I failed it to a third node in the cluster, everything still worked great. Cool. This was looking even better.

Next I failed it back to the original node.  This time, the SQL Service came online, but not the Listener. Strange, how did it work in the first place? Everything was running on that server before I restarted the service, even if it wasn’t running correctly. I reset the passwords in SQL Configuration Manager, and then restarted the services. Everything worked perfectly now.

In summary, somehow all the services restarted on the server after the password change, but the Listener had a bad password and was not allowing connections. When I attempted to restart the Listener again, it failed until the password was corrected. I still don’t know how this happened, but it’s a good reminder to be especially careful when changing service passwords.  Changing passwords on a cluster can be even more dangerous since you have extra services to update that may not even be running on the server at the time, so verifying everything went smoothly can take a few extra steps.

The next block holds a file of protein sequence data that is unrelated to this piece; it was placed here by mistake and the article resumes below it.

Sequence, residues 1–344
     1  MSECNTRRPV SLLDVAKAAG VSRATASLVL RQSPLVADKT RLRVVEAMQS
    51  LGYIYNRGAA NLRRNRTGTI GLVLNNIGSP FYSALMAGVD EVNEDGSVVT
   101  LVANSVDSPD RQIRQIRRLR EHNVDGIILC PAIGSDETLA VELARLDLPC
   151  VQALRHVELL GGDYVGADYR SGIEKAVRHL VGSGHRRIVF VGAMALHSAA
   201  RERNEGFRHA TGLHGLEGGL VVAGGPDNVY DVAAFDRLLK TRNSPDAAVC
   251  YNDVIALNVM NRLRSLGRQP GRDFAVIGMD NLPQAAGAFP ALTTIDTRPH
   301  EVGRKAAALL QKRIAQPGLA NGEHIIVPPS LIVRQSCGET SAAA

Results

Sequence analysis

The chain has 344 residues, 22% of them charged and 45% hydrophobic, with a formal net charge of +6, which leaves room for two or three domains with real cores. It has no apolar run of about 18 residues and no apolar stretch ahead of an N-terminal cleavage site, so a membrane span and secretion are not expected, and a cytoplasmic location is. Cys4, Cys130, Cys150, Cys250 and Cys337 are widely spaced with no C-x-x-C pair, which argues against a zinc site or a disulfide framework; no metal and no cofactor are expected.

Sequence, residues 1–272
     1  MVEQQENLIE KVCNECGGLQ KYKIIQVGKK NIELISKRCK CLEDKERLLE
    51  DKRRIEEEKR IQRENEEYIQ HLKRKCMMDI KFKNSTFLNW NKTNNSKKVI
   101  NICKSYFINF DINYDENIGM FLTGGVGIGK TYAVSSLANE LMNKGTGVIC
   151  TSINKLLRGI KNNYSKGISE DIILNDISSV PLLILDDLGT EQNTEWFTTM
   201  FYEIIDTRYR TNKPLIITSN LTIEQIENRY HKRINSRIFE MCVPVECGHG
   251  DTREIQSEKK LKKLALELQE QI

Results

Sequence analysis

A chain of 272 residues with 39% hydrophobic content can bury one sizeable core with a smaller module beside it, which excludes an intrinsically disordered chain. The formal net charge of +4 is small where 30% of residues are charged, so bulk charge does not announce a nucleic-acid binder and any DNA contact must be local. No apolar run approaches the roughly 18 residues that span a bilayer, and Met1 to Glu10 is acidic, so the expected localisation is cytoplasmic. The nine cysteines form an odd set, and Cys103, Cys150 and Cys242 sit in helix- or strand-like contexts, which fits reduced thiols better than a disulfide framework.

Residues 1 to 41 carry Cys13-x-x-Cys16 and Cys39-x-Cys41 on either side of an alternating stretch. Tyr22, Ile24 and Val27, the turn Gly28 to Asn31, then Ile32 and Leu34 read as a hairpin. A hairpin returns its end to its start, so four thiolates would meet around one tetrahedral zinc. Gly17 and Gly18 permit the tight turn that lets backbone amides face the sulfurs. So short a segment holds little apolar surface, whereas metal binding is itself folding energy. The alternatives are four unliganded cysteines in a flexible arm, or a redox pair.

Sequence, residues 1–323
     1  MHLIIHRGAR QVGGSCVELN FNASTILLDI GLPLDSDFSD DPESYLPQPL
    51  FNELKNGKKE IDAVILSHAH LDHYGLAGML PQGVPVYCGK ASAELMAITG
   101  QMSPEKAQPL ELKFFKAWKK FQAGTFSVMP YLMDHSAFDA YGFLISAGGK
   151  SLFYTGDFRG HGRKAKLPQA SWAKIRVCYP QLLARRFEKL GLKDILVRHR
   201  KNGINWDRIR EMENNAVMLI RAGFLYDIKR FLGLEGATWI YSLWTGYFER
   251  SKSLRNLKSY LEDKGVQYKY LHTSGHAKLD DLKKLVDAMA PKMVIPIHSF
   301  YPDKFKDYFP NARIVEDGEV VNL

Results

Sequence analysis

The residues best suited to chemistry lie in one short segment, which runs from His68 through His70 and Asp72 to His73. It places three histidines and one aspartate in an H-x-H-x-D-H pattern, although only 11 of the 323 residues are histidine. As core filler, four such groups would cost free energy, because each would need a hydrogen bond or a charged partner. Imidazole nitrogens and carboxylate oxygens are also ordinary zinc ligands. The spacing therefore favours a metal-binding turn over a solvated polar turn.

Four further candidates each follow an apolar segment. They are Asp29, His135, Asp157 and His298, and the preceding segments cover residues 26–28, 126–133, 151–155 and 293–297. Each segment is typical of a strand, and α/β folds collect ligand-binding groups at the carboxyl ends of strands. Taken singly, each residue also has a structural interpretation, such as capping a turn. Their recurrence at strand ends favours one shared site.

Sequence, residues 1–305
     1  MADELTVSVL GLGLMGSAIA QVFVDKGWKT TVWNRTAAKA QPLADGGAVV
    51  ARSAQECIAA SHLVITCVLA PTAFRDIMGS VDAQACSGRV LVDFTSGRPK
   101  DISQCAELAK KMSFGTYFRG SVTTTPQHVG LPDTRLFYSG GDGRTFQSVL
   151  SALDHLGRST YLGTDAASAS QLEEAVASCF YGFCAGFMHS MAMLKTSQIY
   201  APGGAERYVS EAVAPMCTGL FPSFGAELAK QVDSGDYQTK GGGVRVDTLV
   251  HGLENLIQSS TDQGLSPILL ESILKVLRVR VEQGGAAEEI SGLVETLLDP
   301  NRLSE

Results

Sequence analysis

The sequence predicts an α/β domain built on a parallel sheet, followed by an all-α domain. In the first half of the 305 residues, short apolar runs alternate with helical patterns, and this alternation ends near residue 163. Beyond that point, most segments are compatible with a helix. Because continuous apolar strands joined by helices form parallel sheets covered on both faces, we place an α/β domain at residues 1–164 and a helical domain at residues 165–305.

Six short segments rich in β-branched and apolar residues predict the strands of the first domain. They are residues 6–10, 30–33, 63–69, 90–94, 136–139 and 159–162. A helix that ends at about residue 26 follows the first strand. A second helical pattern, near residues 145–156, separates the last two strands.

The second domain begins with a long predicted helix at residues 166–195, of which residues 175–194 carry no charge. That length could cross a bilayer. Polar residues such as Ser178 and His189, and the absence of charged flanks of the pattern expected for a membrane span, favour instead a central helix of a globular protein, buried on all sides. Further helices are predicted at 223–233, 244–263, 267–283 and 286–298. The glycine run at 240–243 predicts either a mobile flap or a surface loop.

Recovery Model Comparison

This simple blog will cover the bulk of information you’ll need to make a fully informed decision on which Recovery Model to choose for your SQL Server databases. I know, that was horrible, but I couldn’t resist. Recovery Models are normally considered one of the more basic things to know about SQL Server, but refreshers are never a bad idea. Furthermore, if you are like me, you haven’t actually dealt with the Bulk Logged model much.

Simple Recovery Model

The simple model constantly reclaims log space in order to keep storage requirements minimal. Transactions are still written to the log; however, once a transaction completes and the data is written to the data file, the transaction log is truncated. This keeps the log small and allows the space to be reused.